The Mystery of Moutai: Author Interview with G.X. Chen

I’m interviewing G.X. Chen today, author of “The Mystery of Moutai”. I would like to thank the author for taking the time to answer my interview questions. I hope everyone enjoys the interview!

Author Interview

1)    How long have you been writing?

I was an accidental writer. I wanted to be a scientist when I was a kid but when the Cultural Revolution started, I was home for several years because all the schools were closed down by the Chinese government. When I had nothing to do at home, I started reading novels (instead of solve math problems). My first novel published when I was 24 so I think I started writing when I was in my early twenties. Then I stopped for more than 20 years because I had to work full time while raising my daughter as a single mother. I picked up writing again about two years ago.

2)    What is your favorite genre to write?


3)    Which genre have you never tried before, but would you like to try out?

I haven’t tried anything in the categories of non-fiction; might try later.

4)    Please tell us about your book.

It has all the elements of a murder-mystery plus introduction to Beijing and Chinese culture.

5)    Which character was your favorite, and why? Which character was your least favorite, and why?

Both amateur detectives in the book are my favorites because they are my type – LOL. The killer was my least favored because I disliked those who would do anything to get ahead including lying and hurting others on the way.

6)    What was the hardest part about writing your book?

To find time – I work full-time so it’s very difficult to write every day.

7)    What is your writing routine? Are there things you absolutely need to start writing?

I write a few pages every day. Not really, after a while, writing becomes a habit.

8)    How long did it take you to write your book from start to finish?

About 6 months.

9)    Can you tell us about your editing process?

I write a draft first, set aside for awhile, and then repeat the process of rewriting and editing several times along the way. I also hired a professional editor because I wanted to present my readers a professional book after I decided to publish it myself this time around.

10) Is this book part of a series? If so, how many installments do you have planned?

No, it’s not a part of a series, but I will certainly use the same characters again in the future.

11) Do you have any advice for aspiring authors?

If you have a story to tell, write it down.

12) Why should everyone read your book?

It’s an easy and fun read in the form of a puzzle – nothing can beat the joy to be entertained on a commuter train or beach for less than $3J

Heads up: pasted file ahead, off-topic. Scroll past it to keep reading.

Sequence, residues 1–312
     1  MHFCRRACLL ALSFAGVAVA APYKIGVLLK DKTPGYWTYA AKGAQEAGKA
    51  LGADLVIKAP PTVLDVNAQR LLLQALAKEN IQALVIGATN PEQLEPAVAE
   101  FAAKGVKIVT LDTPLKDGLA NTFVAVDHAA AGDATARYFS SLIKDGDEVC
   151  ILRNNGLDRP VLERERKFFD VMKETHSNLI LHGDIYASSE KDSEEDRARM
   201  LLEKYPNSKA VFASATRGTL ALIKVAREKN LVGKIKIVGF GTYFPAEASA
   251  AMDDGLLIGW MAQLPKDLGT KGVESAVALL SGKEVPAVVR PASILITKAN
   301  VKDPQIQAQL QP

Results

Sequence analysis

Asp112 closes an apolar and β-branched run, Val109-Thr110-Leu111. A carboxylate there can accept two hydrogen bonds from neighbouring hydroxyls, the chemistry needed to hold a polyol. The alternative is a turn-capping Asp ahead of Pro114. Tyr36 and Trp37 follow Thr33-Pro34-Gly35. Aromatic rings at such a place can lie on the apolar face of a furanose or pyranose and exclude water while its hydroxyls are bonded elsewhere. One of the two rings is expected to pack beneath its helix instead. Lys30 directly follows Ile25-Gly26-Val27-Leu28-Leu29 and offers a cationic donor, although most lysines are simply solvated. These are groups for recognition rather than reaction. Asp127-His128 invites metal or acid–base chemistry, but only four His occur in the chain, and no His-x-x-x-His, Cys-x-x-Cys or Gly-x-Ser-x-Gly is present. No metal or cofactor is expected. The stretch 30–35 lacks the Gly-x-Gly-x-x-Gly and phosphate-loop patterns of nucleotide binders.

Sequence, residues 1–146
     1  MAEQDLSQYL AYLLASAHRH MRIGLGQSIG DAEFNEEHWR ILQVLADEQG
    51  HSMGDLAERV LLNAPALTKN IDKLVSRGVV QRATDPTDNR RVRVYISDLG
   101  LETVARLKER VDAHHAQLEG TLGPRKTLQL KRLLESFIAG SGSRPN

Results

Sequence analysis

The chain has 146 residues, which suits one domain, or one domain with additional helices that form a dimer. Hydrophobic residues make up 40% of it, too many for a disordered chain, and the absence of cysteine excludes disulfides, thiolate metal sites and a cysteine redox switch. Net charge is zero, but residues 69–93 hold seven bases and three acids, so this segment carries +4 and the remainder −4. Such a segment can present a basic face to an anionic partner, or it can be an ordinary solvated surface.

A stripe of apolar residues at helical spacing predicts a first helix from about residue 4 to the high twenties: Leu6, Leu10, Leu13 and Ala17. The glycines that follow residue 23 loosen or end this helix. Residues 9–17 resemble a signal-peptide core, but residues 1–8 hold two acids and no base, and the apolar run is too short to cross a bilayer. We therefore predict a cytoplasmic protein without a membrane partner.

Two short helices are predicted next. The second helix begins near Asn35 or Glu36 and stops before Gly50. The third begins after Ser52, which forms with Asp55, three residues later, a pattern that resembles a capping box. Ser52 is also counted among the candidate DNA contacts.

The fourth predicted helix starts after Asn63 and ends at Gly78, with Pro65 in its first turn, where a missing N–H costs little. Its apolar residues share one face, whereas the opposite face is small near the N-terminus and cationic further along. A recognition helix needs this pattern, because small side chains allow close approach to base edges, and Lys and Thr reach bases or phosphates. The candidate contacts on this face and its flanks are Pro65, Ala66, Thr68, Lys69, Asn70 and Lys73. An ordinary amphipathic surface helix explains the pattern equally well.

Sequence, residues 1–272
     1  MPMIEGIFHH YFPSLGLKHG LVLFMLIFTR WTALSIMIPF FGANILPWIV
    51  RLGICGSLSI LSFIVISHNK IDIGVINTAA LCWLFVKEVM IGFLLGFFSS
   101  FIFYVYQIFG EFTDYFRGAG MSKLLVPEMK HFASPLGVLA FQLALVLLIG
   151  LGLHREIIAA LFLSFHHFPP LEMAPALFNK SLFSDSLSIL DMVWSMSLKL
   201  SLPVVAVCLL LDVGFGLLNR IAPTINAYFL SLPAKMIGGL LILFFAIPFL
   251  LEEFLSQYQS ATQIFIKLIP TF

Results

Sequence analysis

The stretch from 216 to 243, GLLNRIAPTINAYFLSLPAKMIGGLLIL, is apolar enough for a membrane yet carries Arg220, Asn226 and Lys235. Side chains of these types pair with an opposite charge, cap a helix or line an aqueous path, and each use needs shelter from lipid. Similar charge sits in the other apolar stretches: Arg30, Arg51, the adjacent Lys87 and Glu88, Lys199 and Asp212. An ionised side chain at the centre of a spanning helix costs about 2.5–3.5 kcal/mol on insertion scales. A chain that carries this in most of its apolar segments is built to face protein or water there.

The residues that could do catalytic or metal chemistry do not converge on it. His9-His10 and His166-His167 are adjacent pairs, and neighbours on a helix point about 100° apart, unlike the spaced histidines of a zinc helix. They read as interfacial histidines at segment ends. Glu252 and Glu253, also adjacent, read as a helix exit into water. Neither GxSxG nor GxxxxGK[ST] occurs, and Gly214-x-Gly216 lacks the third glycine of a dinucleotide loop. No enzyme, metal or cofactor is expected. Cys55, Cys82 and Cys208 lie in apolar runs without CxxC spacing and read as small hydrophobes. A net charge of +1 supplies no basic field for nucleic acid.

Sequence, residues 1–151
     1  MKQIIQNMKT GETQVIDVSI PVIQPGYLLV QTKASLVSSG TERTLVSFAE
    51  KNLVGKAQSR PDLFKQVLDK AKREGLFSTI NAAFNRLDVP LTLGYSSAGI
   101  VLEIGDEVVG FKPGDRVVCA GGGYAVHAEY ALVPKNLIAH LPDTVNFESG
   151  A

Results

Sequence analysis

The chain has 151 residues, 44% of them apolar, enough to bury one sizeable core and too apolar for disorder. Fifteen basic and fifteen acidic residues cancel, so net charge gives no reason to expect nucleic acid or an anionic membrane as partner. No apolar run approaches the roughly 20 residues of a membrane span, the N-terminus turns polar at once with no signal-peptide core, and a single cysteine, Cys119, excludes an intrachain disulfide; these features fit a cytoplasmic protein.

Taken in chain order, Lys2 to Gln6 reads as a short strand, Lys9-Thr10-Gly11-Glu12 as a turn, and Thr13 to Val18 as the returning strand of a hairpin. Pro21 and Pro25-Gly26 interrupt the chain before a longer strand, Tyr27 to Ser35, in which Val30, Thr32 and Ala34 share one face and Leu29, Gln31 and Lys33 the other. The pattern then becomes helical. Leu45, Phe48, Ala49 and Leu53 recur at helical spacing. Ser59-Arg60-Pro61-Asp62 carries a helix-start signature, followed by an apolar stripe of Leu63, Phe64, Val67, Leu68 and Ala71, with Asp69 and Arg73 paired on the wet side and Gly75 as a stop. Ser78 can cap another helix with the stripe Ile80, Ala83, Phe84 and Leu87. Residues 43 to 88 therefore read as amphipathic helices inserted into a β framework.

13) If you could meet three authors, dead or alive, which authors would you choose?

Definitely Agatha Christie – I’m a huge fan, bought and read all her books; as well as Arthur Conan Doyle and Charles Dickens.

14) What inspired you to write your book?

Refer this to first question.

15) Are you working on something at the moment? If so, can you tell us more about it?

Yes, I’m working on another mystery novel. Can’t tell yet.

About the Book

book coverA teenager returns home from school to find a gruesome scene: the apartment he shares with his mother, Shao Mei, in Boston’s Chinatown has been ransacked and she is dead. There is a bottle of Moutai—the most exotic and expensive Chinese liquor—left at the scene and traces of rat poison in one of the two shot glasses on the kitchen counter. This was evidently a homicide, but who could possibly be the killer?

Ann Lee and Fang Chen, close friends of the victim, team up with the Boston police to solve this mystifying crime: why would anyone want to murder a harmless middle-aged woman, one who worked as an unassuming mailroom clerk, with no money, no connections, and presumably, no enemies?

Realizing that important clues behind the motive may be buried deep in the victim’s past, they travel to Beijing, where Shao Mei spent more than fifty years of her life. While there, surrounded by the antiquities of China’s rich and complex history, they stumble unwittingly into a cobweb of mystery and danger. Fearing for their lives but determined to press on, they end up unearthing a scandal more deceptive and far-reaching than either could have imagined.

Disclosure: The three main characters and the victim also appeared in The Mystery of Revenge by G.X. Chen.

About the Author

GraceG.X. Chen is a freelancer who lives in Boston ( both of her mystery novels are based in Boston); permanently moved from China to the US after Tiananmen Massacre in 1989. Previously published books include The Mystery of Revenge (a mystery novel) and Forget Me Not: A Love Story of the East (a historic fiction/romance) and several other novels in Chinese.




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